Insider's Game

Selected writings by David Fiderer

How Fraudster Economists Assert That “Higher Taxes Won’t Reduce the Deficit”

First published in OpEdNews on December 8, 2010

Rather than confront the evidence of their own failures, fraudster economists, like Stephen Moore at  Free Enterprise Fund and Richard Vedder at the American Enterprise Institute, double down on their lies. They manufacture phony evidence to establish that “Higher Taxes Won’t Reduce the Deficit,” and get their scam promoted on the editorial page of The Wall Street Journal.


Here’s how they do it:


In the late 1980s, one of us, Richard Vedder, and Lowell Gallaway of Ohio University co-authored a often-cited research paper for the congressional Joint Economic Committee (known as the $1.58 study) [actually, it was the $1.59 study] that found that every new dollar of new taxes led to more than one dollar of new spending by Congress. Subsequent revisions of the study over the next decade found similar results.


We’ve updated the research. Using standard statistical analyses that introduce variables to control for business-cycle fluctuations, wars and inflation, we found that over the entire post World War II era through 2009 each dollar of new tax revenue was associated with $1.17 of new spending. Politicians spend the money as fast as it comes in–and a little bit more.


Translation: After Clinton raised taxes, deficits shrank but did not go away until 1999. Ergo, “Subsequent revisions of the study over the next decade found similar results.” Ergo, raising taxes does not reduce the deficit. And when you consider the entire post-war period, taxes rarely exceeded expenditures. So raising taxes will not reduce the deficit. And let’s ignore how tax cuts caused deficits to explode.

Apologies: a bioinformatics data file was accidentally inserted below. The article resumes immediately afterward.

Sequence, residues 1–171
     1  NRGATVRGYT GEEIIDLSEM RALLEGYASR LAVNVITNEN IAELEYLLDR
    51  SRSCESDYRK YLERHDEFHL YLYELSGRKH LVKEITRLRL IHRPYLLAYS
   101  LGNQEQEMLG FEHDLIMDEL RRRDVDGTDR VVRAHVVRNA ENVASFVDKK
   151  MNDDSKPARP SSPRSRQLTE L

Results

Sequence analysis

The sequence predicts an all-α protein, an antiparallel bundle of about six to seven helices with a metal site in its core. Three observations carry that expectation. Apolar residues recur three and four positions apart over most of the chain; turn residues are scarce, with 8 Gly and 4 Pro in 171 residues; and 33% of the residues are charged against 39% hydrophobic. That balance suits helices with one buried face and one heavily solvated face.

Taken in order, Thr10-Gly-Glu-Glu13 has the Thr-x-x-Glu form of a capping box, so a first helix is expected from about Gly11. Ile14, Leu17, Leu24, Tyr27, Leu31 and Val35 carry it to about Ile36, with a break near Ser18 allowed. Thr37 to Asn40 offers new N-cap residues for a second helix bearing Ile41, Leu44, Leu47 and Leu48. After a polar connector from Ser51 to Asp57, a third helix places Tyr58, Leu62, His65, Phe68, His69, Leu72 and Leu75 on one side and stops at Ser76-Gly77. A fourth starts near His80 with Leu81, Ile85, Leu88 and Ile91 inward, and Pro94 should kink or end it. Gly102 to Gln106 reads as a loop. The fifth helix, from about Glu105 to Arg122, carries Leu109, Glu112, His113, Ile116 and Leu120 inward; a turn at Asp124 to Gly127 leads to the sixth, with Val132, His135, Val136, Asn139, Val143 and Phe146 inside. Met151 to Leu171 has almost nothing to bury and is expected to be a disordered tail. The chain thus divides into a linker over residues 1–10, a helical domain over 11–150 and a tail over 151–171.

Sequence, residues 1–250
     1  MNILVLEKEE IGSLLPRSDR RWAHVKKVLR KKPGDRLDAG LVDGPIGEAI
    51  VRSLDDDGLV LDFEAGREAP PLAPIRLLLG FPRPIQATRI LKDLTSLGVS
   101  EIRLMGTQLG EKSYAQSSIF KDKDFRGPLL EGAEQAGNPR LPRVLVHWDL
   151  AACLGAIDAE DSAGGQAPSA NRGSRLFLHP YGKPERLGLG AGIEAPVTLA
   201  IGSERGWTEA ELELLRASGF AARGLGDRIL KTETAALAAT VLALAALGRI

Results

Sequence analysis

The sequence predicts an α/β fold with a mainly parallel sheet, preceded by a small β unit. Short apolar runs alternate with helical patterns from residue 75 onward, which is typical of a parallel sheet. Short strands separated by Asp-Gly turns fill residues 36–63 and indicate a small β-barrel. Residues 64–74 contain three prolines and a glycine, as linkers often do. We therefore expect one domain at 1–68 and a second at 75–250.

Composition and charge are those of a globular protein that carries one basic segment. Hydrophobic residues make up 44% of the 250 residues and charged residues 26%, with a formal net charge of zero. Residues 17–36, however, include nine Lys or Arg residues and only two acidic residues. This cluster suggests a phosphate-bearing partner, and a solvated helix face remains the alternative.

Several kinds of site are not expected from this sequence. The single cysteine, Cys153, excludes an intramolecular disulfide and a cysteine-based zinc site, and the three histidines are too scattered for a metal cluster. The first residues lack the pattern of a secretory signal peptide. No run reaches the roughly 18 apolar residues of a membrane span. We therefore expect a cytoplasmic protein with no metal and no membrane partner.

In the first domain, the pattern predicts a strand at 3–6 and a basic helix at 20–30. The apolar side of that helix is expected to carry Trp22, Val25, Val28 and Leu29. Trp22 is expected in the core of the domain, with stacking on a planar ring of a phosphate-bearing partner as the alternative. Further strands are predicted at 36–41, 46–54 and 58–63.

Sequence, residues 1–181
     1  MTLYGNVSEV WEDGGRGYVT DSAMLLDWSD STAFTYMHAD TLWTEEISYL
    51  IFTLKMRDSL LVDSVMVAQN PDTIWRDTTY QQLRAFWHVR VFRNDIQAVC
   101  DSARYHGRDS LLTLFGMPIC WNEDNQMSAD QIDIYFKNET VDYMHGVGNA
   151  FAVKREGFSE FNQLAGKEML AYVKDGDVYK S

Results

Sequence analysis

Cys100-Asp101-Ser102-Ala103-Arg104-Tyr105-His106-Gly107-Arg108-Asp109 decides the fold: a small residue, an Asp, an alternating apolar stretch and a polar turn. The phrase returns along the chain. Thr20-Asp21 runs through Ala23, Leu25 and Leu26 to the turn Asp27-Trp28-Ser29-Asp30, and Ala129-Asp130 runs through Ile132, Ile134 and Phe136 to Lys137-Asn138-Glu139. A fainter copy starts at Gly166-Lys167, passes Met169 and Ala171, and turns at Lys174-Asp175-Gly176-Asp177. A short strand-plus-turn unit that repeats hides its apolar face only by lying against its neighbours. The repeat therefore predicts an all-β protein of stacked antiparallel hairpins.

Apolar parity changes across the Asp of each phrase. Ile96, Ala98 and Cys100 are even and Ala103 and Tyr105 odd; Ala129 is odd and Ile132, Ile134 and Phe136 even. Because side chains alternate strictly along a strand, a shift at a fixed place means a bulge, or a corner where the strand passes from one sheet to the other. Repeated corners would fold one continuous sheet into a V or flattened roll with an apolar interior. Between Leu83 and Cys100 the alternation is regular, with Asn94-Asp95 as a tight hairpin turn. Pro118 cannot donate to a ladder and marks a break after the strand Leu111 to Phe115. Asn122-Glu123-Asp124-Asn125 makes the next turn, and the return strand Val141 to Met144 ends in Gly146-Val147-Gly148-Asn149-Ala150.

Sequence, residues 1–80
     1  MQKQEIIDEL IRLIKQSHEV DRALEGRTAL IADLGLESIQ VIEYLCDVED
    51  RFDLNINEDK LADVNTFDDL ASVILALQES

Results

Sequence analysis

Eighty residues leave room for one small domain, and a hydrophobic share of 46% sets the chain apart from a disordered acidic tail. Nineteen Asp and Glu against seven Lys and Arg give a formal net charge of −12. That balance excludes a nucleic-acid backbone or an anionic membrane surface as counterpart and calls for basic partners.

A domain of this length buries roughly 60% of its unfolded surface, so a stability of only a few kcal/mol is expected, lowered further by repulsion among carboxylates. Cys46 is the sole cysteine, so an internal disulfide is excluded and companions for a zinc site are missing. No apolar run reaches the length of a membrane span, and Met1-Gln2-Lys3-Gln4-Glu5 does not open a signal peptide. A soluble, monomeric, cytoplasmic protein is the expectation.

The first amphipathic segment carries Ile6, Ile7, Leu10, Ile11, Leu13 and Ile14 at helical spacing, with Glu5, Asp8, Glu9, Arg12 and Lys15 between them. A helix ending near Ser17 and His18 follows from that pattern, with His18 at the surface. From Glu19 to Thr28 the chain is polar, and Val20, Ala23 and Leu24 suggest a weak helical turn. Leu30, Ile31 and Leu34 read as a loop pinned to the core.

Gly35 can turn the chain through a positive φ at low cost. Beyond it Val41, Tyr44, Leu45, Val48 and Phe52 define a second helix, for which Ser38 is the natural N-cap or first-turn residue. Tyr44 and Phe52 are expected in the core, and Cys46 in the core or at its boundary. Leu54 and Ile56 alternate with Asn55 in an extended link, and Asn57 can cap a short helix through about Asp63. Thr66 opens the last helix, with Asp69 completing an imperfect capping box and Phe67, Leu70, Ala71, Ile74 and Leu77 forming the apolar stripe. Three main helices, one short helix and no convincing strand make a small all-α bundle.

It’s all designed to preempt any kind of honest debate. “The grand bargain so many in Washington yearn for–tax increases coupled with spending cuts–is a fool’s errand,” they write. “Our research confirms what the late economist Milton Friedman said of Congress many years ago: ‘Politicians will always spend every penny of tax raised and whatever else they can get away with.'”


Here’s the truth: Between 1950 and 1980, the U.S. government spent $1.12 for every dollar of revenue. During the Reagan/Bush years of 1981 through 1992, the government spent $1.35 for every dollar of revenue. During the Clinton years, the government spent $1.11 for every dollar of revenue. But that average obscures the progress made toward deficit reduction during that period. Here are the real numbers that refute these dissembling crackpots:


Source: OMB On Budget Revenues and Outlays See 1950-1980 data below.

The biggest driver in deficit reduction is economic growth. When the GDP rises, and more people have jobs, more tax revenues come in. The evidence on tax cuts is overwhelming. As noted in the evidence laid out here earlier, they do very little to stimulate real economic growth. But a scam artist like Stephen Moore, a fixture on CNBCCNNMSNBC and, of course, Fox News, can find new and clever ways for concealing the truth.